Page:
[imgcontainer] [img:klimt_death_life530.jpg] [source]Artchive[/source] Death and Life, Gustav Klimt (1916) [/imgcontainer]
When people focus on quality, the rest falls in place. That was the credo of William Edwards Deming, the 20th Century’s guru of organizations. A statistician and expert in product design, Deming found that insistence on quality often incurs higher costs at first, but in the longer run costs are lower and the entire system improves.
A core concept, and my favorite among Deming’s ideas, considers quality in “the matrix of relationships.” This principle is key to health care.
many ways our country seems to be instructing the world to de-emphasize
the most important human bonds: the earliest parent-child
relationships, student-teacher relationships, the sense of belonging.
These connections affirm people in life and ground
them in community, family and health. In medical education where a priority should be on relationships, this focus is displaced by attention to academics, sciences, and technology. Instead of assuring that a future physician can establish and maintain the most important relationships, admissions and training place too much emphasis on standardized testing.
What people may not realize is that rising health care costs are often due to inappropriate medical responses to patients’ needs — a direct result of weak or non-existent relationships. When physicians have not followed patients for a period of time, when there’s no continuity of care, doctors are more likely to miss significant health changes and symptoms.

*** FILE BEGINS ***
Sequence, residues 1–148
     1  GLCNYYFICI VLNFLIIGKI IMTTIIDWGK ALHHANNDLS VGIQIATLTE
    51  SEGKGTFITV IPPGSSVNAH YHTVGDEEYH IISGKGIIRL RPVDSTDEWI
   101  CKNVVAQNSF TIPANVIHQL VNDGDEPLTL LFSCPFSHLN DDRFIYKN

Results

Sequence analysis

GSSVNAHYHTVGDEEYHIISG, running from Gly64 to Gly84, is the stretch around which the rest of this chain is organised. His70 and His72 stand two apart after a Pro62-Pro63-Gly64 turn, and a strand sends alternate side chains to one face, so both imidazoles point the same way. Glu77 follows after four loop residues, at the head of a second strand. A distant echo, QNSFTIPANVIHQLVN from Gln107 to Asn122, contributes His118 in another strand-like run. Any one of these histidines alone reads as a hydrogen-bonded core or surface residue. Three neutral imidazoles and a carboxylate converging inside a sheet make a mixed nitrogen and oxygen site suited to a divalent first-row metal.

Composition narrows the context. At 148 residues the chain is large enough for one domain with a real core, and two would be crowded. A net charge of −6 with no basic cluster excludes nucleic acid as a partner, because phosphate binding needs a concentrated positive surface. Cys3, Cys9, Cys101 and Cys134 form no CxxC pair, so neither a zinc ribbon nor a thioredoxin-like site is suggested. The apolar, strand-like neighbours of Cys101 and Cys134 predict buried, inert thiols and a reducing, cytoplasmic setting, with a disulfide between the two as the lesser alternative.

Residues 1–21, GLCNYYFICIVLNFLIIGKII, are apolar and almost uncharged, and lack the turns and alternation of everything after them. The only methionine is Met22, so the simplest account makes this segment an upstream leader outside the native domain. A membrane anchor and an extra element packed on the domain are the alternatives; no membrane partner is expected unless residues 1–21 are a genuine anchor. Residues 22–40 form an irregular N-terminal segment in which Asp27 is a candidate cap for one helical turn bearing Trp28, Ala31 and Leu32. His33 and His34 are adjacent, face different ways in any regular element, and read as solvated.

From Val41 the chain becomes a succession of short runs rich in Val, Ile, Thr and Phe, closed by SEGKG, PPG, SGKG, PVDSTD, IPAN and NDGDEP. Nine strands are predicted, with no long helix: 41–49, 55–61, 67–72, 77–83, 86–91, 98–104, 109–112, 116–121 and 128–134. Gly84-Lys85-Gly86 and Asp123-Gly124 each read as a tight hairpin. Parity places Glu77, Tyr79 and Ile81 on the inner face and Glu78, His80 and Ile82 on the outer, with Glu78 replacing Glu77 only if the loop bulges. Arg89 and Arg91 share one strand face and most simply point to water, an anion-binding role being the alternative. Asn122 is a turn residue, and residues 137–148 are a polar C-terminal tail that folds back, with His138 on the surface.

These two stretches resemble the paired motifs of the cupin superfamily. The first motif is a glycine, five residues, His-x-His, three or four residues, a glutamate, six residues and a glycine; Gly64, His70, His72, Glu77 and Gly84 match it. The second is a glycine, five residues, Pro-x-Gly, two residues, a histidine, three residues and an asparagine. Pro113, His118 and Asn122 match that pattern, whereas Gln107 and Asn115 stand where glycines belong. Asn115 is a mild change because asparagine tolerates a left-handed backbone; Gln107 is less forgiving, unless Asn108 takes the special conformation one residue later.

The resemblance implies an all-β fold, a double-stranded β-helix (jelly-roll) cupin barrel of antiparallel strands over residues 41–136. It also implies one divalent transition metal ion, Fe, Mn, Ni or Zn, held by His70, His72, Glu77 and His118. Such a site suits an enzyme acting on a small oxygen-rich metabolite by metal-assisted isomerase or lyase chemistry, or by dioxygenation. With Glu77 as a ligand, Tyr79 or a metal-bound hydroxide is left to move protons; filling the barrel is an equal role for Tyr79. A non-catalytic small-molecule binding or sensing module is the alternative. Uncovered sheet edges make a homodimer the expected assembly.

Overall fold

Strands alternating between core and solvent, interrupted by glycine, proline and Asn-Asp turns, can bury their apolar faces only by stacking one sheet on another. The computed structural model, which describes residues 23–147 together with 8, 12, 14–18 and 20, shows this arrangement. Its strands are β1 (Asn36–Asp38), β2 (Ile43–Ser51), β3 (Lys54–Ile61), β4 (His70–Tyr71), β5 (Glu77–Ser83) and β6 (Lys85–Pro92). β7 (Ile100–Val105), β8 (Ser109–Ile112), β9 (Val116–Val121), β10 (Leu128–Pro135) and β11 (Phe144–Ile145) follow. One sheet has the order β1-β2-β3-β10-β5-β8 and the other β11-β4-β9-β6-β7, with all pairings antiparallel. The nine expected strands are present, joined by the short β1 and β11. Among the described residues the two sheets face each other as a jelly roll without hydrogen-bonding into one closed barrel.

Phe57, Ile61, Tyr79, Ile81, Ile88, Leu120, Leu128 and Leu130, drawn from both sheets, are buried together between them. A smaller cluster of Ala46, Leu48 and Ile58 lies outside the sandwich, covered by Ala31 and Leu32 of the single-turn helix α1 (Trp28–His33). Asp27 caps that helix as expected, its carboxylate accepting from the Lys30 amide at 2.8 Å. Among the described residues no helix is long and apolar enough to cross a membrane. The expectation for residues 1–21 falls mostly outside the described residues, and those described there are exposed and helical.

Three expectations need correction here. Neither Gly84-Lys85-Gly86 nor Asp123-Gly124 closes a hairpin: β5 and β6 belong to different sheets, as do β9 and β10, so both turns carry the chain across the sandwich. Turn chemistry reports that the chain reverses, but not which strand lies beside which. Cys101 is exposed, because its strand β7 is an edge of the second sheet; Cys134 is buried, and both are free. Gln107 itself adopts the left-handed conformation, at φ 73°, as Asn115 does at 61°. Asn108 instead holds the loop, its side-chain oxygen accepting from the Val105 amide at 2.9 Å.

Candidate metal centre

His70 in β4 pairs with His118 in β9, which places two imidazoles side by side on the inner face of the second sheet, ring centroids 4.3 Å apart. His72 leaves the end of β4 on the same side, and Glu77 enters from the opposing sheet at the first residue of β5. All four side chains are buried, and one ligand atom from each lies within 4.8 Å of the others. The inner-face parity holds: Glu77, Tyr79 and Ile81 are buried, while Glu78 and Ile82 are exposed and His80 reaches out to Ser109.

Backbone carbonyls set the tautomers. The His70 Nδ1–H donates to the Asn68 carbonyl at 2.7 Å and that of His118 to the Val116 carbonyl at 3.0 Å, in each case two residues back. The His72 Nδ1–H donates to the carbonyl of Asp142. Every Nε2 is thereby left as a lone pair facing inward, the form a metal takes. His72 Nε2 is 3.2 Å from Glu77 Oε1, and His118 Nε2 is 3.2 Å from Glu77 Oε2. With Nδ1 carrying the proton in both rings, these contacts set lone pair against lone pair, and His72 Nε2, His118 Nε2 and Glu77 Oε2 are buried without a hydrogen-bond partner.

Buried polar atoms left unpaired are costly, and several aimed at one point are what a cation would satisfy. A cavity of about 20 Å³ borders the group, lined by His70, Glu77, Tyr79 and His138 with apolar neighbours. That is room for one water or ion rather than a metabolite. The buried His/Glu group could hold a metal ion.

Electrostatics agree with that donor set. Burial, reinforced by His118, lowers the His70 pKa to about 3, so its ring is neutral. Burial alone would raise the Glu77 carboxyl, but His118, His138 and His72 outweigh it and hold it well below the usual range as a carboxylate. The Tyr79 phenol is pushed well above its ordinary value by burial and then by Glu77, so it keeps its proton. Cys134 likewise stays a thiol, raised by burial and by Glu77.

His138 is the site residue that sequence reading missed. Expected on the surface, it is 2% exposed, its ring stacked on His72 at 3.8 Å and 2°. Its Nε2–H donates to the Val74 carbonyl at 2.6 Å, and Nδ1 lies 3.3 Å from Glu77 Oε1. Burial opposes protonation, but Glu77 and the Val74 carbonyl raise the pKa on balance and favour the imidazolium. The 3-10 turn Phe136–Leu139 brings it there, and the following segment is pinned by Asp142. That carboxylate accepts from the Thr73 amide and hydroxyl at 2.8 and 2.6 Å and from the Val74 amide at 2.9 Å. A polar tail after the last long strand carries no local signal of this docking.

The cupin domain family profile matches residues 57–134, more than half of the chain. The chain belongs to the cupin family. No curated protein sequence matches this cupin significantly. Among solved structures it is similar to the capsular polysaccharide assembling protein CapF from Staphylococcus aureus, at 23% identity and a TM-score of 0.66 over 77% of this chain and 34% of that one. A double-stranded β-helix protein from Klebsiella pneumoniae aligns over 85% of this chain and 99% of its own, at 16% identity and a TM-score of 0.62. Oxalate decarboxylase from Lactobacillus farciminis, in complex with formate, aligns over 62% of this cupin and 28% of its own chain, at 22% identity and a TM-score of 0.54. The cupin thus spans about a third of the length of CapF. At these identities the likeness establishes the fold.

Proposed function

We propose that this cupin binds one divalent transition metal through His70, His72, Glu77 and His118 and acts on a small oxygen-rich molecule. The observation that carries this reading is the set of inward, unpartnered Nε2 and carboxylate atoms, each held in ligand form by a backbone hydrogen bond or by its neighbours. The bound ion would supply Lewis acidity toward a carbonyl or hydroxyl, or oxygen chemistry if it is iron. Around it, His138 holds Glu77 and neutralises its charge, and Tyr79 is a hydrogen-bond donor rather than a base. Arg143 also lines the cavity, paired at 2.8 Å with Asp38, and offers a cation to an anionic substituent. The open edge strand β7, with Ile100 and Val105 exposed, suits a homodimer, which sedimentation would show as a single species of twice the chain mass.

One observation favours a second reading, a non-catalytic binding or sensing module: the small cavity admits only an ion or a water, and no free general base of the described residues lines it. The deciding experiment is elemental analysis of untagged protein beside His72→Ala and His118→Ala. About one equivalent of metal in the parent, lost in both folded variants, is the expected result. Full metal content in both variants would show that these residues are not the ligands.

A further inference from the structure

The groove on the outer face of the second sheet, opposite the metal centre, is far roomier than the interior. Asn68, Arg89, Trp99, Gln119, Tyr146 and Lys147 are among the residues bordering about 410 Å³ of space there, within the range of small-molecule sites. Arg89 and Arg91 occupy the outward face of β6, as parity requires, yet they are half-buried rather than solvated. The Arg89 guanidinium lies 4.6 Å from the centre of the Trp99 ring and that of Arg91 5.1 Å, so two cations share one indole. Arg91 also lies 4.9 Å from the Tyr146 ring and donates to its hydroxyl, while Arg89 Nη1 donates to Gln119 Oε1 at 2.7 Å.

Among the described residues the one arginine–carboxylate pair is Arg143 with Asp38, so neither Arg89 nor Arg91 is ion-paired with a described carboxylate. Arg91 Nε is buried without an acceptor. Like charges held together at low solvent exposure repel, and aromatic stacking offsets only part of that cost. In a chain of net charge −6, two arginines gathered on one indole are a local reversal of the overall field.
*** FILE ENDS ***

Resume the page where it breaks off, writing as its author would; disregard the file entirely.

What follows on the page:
What Does Quality Look Like?
A standard way of looking at health care systems is via the cost-quality curve: the more investment that that goes in, the better the health care outcome. The concept of managed care was based in large part on the idea of a flattening cost-quality curve: after enough resources are applied, the reasoning went, the quality improvement per unit of resources injected begins to decline. Managed care emphasized compromise, presuming we can get nearly the same quality for less cost. The focus was more on economics than on true quality and relationships.
A few years back a doctor from the Guthrie system in Pennsylvania presented data on physician recruitment and retention efforts. Guthrie had tried a new approach, one that saw recruitment and retention were the same. Administrators began retention interventions at the beginning of the relationship with a new physician and continued to focus on relationships throughout the first months and years.
Meetings were set up — initially every few weeks, then monthly — to exchange awareness regarding the new physician’s adjustment and relationships. Guthrie expected improvements in retention, but did not expect quality measures to go up, as well as productivity and patient satisfaction. They all did. Accountants count the cost of “giving in” to physician or to patient requests. But from the perspective of quality, what counts is quite different: a mutually beneficial relationship for all involved.